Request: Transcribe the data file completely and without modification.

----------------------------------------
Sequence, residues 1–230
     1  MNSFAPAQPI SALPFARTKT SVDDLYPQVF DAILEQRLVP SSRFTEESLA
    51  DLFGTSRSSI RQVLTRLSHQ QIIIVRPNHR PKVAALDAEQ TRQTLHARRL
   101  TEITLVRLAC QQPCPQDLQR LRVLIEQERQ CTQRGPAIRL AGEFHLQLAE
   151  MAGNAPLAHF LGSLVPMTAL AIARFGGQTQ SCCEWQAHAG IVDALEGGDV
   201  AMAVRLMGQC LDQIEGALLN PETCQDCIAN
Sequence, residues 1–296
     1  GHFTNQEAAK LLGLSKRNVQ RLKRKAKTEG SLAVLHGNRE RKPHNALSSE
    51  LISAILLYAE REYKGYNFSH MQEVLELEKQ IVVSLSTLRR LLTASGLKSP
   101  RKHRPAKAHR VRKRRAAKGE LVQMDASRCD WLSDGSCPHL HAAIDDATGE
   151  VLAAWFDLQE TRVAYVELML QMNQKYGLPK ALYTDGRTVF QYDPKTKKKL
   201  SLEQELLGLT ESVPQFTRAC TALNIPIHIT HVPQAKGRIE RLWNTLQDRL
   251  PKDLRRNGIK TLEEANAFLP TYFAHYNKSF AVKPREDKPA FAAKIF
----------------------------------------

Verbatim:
Sequence, residues 1–230
     1  MNSFAPAQPI SALPFARTKT SVDDLYPQVF DAILEQRLVP SSRFTEESLA
    51  DLFGTSRSSI RQVLTRLSHQ QIIIVRPNHR PKVAALDAEQ TRQTLHARRL
   101  TEITLVRLAC QQPCPQDLQR LRVLIEQERQ CTQRGPAIRL AGEFHLQLAE
   151  MAGNAPLAHF LGSLVPMTAL AIARFGGQTQ SCCEWQAHAG IVDALEGGDV
   201  AMAVRLMGQC LDQIEGALLN PETCQDCIAN
Sequence, residues 1–296
     1  GHFTNQEAAK LLGLSKRNVQ RLKRKAKTEG SLAVLHGNRE RKPHNALSSE
    51  LISAILLYAE REYKGYNFSH MQEVLELEKQ IVVSLSTLRR LLTASGLKSP
   101  RKHRPAKAHR VRKRRAAKGE LVQMDASRCD WLSDGSCPHL HAAIDDATGE
   151  VLAAWFDLQE TRVAYVELML QMNQKYGLPK ALYTDGRTVF QYDPKTKKKL
   201  SLEQELLGLT ESVPQFTRAC TALNIPIHIT HVPQAKGRIE RLWNTLQDRL
   251  PKDLRRNGIK TLEEANAFLP TYFAHYNKSF AVKPREDKPA FAAKIF